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500 Jacks finding home in Reef Fish Habitats deployed in Apo Island Marine Sanctuary
Top-left: Big-eye trevallies in Apo Island Marine Sanctuary finding home in these fish habitats. Bottom-right: Fish habitat modules designed and fabricated by Apo Island dive rangers and fisherfolks made of rocks and cement.

500 Jacks finding home in Reef Fish Habitats deployed in Apo Island Marine Sanctuary

To continue our efforts in coral and reef fish recovery in Apo Island Marine Sanctuary, a monitoring was made by a team of Silliman University Institute of Environmental and Marine Sciences (SU-IEMS) – Coastal Conservation and Education Foundation (CCEF) and Department of Environment and Natural Resources – Apo Island Landscape and Protected Seascape (DENR-AIPLS) marine biologists in November 13 – 14, 2016. Using fish visual census, it was estimated that 500 big-eye trevallies or jacks (Caranx sexfasciatus), locally known as “baulo” were utilizing the fish habitats as part of their home range.To recall, 30 fish habitat modules were deployed in April and May 2016 as part of the reef fish recovery efforts of the SU-IEMS – FPE (Foundation for the Philippine Environment), “Coral Reef Recovery in Typhoon-Damaged Reefs Project.” This project was implemented in response to the severe coral reef damage that resulted in Apo and Siquijor Islands after typhoons Sendong (2011) and Pablo (2012). It was documented that coral damage was more than 99% and reef fish densities and biomass declined five-fold based on a 2008 baseline. AIPLS – DENR, CCEF and UNICO Conservation Foundation (UCF) were also partners in this project. Currently our coral reef recovery monitoring is being sustained and supported by DENR-AIPLS.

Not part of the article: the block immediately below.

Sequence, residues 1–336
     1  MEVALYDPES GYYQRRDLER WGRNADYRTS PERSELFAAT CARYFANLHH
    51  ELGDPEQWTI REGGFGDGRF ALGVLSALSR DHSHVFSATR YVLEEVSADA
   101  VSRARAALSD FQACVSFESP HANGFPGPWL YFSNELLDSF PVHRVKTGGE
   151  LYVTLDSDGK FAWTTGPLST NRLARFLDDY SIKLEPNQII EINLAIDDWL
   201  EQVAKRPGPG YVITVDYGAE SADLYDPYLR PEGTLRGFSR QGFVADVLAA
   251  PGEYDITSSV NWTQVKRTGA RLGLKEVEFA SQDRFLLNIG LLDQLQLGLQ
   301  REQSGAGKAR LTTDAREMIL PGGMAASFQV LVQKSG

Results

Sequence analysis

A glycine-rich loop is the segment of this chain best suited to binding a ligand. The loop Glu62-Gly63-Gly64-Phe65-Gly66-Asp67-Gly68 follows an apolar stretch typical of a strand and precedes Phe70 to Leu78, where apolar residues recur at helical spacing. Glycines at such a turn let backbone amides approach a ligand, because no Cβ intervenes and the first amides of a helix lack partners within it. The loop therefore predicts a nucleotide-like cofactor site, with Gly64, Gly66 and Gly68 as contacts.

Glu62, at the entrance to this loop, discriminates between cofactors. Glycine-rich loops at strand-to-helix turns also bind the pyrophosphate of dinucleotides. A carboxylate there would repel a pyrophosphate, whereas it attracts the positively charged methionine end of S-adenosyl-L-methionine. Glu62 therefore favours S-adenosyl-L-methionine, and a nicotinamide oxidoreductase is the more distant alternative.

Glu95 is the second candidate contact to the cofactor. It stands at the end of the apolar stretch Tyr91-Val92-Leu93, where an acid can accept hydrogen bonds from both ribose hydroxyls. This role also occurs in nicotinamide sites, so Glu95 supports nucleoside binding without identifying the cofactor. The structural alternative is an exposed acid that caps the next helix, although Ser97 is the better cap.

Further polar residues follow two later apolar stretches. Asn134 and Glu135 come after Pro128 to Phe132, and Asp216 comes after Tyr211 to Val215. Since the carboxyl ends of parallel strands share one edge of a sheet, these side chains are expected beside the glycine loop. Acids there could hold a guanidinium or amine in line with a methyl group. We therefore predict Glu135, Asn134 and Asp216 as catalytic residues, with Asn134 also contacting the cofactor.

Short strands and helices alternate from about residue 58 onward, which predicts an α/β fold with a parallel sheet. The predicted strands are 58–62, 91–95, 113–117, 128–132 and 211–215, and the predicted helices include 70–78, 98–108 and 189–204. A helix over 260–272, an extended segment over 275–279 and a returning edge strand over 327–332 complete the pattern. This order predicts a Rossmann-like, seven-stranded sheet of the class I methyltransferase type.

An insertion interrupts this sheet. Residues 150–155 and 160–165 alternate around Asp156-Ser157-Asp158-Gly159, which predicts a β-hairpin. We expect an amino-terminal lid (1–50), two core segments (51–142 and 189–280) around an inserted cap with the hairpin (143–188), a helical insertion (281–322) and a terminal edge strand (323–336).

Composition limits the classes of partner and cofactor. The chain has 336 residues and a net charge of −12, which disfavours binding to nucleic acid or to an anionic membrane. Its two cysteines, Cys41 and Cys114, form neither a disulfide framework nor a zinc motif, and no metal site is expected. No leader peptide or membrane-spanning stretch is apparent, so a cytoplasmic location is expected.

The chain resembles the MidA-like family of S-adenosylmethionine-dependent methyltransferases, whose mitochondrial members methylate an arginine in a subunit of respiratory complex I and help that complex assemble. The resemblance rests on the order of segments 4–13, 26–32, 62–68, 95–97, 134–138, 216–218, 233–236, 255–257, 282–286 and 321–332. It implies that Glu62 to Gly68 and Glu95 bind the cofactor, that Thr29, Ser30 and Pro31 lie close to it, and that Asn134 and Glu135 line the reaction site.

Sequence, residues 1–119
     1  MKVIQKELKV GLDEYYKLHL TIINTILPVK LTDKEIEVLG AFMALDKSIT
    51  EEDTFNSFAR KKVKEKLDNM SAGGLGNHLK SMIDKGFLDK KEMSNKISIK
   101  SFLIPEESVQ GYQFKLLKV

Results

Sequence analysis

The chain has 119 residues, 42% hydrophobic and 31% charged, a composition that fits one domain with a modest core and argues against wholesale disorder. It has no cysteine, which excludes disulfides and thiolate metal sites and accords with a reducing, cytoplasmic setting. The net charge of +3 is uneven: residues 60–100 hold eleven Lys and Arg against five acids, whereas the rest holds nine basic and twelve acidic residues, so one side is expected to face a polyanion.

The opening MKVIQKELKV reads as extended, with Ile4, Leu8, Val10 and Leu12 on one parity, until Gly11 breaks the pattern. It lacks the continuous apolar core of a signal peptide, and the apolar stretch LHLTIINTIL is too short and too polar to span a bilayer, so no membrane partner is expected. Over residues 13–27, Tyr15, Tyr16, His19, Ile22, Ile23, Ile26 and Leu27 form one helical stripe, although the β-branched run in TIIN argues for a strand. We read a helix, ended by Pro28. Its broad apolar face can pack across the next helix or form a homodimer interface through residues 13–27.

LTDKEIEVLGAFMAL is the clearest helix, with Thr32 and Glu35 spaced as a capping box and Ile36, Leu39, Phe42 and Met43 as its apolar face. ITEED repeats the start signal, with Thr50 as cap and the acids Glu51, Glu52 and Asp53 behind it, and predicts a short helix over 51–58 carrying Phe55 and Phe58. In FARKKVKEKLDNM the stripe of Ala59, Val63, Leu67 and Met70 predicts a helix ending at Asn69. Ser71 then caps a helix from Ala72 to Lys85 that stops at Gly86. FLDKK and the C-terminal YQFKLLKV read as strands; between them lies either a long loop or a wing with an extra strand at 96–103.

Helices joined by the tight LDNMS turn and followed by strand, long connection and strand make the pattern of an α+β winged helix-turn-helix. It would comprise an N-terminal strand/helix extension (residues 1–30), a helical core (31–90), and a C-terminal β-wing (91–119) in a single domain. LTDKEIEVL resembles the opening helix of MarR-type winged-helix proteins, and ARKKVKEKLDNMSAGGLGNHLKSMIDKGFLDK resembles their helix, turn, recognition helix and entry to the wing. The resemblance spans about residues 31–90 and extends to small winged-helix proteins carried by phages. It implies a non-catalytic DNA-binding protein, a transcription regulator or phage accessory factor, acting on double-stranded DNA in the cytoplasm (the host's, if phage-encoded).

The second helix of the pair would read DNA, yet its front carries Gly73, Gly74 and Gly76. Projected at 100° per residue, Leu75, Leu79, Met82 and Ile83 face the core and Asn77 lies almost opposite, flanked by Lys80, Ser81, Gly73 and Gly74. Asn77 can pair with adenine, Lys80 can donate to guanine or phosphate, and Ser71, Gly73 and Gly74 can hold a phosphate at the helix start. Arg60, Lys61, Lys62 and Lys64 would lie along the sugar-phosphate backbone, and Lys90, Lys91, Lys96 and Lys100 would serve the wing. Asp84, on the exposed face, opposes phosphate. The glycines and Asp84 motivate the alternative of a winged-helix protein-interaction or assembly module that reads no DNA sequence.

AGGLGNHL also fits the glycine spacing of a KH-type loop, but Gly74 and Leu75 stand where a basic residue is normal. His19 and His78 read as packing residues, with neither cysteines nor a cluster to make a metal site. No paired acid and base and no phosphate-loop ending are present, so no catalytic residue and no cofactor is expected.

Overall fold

Aileen P. Maypa, Ph.D.

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